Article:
End of the World Film Club #5: The Black Power Mix Tape 1967 – 1975


“We have to document our history; if we’re gonna tell the story, let’s tell the story right.” Join us for our next End of the World Film Club, in which we turn our attention to all too relevant The Black Power Mix Tape 1967 – 1975…

This film club, as you may be aware, was set up as a means of giving people (us, mostly) a way of watching and experiencing cinema in a kind of communal way during lockdown. At least insofar as that is possible over Twitter. This week’s film was all set to be chosen from a list of blockbusters and/or comedies, something to help lift spirits in the uncertain world of lockdown limbo. But, as the events of the past days have shown, mere escapism – while we all deserve and need it from time to time – isn’t going to cut it right now.

It quickly became obvious that, instead, this week we should dedicate #endoftheworldfilmclub to filmmakers and/or films whose focus foregrounds or relates to poc. It also became obvious, almost as quickly, that this sadly narrowed the field, starkly pointing to the continuing imbalance of representation (and widespread availability). When we’ve selected films for our poll every other week, it’s so far been easy, with a range of options that amounts to an embarrassment of riches – so much so that Orson Welles’ Citizen Kane didn’t make the cut recently. This time, however, those that sprang immediately to mind – Do The Right Thing, Get Out, If Beale Street Could Talk, etc. – were only available as rentals.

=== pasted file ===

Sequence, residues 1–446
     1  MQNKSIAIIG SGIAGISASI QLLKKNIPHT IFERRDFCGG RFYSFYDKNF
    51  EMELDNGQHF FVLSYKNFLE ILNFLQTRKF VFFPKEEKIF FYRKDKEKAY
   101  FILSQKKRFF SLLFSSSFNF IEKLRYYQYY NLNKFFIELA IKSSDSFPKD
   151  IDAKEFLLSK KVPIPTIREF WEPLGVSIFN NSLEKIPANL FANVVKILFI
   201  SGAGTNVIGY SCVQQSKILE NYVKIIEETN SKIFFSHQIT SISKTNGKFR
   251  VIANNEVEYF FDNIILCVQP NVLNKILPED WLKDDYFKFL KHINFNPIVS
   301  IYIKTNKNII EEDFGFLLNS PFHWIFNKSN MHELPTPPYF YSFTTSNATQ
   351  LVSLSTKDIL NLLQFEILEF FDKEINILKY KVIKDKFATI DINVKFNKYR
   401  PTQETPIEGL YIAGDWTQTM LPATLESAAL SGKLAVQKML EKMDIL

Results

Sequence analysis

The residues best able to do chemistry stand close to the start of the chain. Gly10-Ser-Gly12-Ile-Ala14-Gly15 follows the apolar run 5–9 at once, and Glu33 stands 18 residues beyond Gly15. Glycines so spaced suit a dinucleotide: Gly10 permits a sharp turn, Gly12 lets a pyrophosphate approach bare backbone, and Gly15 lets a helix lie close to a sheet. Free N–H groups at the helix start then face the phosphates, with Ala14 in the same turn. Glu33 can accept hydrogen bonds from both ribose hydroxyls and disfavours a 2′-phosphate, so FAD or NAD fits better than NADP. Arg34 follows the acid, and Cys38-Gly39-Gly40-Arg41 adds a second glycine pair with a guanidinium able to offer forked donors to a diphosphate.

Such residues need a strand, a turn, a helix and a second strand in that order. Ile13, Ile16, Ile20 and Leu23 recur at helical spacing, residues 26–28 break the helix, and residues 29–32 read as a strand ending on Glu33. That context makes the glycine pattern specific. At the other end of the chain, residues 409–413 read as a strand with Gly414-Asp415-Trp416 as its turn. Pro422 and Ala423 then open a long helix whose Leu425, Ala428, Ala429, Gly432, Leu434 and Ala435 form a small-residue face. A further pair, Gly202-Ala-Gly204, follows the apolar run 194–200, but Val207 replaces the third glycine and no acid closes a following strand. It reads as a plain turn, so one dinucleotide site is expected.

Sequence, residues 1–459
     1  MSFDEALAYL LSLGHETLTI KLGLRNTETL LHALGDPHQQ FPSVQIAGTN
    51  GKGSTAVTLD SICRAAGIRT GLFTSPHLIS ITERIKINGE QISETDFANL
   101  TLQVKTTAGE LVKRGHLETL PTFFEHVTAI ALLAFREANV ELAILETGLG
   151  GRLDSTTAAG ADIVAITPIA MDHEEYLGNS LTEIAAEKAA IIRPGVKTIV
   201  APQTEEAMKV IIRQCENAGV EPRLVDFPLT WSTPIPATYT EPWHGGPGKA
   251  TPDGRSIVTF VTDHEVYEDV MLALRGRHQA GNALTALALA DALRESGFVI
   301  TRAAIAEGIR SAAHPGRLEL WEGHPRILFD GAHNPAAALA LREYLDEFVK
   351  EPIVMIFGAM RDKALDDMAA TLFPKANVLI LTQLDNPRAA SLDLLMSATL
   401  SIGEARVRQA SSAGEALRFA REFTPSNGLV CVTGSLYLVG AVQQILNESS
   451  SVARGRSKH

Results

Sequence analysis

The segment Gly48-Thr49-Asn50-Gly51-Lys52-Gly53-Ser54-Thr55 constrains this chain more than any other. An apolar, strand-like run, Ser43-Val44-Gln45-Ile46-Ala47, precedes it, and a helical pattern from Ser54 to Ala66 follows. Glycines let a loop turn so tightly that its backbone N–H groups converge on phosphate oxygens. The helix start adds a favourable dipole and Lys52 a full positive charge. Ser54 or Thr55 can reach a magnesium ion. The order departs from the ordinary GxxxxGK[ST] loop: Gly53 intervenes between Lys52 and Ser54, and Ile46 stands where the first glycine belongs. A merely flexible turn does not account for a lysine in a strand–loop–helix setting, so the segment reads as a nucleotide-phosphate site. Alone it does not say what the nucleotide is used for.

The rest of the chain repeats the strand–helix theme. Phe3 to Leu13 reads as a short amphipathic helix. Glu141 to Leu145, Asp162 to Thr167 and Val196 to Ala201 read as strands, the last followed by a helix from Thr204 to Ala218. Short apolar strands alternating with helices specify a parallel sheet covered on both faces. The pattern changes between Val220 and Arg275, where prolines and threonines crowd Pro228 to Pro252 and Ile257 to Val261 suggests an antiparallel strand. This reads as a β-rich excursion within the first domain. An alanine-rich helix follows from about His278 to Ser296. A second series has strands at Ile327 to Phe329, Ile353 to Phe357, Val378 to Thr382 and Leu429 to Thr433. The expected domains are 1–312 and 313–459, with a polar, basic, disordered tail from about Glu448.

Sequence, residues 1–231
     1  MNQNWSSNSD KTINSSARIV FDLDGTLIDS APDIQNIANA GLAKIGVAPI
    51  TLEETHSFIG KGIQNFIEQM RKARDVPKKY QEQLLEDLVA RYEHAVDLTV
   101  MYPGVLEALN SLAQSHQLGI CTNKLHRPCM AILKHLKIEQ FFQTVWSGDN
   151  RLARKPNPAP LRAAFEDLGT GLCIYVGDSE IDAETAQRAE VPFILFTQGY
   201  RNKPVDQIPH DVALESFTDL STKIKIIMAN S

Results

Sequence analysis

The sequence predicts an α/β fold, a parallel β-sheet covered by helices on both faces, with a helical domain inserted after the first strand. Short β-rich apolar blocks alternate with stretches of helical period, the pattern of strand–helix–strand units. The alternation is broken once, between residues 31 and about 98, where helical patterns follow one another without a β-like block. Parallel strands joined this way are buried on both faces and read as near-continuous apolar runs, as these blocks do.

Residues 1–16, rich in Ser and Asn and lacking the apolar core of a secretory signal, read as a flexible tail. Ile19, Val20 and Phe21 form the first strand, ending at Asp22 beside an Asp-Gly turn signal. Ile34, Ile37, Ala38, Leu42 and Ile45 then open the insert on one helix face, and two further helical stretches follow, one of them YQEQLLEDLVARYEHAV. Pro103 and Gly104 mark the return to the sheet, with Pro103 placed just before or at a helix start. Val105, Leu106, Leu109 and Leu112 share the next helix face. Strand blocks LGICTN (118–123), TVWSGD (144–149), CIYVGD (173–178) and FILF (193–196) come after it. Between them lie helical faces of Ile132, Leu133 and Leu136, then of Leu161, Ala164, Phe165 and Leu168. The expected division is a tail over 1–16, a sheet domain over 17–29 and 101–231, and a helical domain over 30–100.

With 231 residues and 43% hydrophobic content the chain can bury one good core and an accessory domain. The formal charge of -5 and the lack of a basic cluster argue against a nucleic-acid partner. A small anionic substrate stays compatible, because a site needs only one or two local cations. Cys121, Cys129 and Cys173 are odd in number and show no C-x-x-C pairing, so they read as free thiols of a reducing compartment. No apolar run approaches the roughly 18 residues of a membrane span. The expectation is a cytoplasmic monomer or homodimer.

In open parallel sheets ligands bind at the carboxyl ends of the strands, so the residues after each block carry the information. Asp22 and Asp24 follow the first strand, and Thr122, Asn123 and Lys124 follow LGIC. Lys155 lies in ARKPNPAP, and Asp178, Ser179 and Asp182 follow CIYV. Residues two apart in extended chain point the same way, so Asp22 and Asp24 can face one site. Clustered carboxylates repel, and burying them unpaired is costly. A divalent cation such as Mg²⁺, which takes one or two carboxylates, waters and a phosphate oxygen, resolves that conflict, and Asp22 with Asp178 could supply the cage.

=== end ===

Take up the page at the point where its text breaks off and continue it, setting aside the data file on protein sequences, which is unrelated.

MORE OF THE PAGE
As we have so far chosen films that are free to view (on BBC iPlayer, All4, and in the public domain), keeping things as open as possible, we didn’t want to change things now. But we did decide to relax things a little and open up to streaming services offering a free trial period. We plumped for: Mati Diop’s debut feature, Atlantics (2019), simultaneously a love story and a ghost story, it won the Grand Prix at Cannes; The Black Power Mix Tape 1967–1975 (2011), a ‘mosaic of images, music, and narration’ as told from an outsider’s perspective (it’s made by Swedish filmmakers); and, last but not least, 2019 Ella Fitzgerald doc, Just One of Those Things.

Fittingly, I think, with almost 50% of the vote, The Black Power Mixtape 1967–1975 won out. Shot for Swedish TV, it charts the Black Power movement over the better part of a tumultuous decade. Created in 2011 after the raw footage was rediscovered in a TV station basement and pieced together by director Göran Olsson, the film is an invaluable montage featuring key figures such as Stokely Carmichael, Angela Davis, Huey Newton and Bobby Seale. A portrait of the America of then, it remains sadly relevant today. But as events unfold in the US, here, and elsewhere, it makes for a poignant, powerful statement that things must (and perhaps can) change this time.

What the critics said:

“[A] document of this turbulent, extremely violent transitional moment in American race history.”

Greg Tate, Sight & Sound

“Restores a complex human dimension to the racial history of the era.”

A.O. Scott, The New York Times

End of the World Film Club #5: The Black Power Mix Tape 1967 – 1975

Watch The Black Power Mix Tape 1967 – 1975 on MUBI, and join us on Twitter to discuss, Friday 12 June, 7-8pm

The End of the World Film Club has watched:

Tehran Taboo

The Conversation

Assault on Precinct 13

A Matter of Life and Death

Our poll to select the next film club film will take place Wednesday 17 June

Posted on 07/06/2020 by thedoublenegative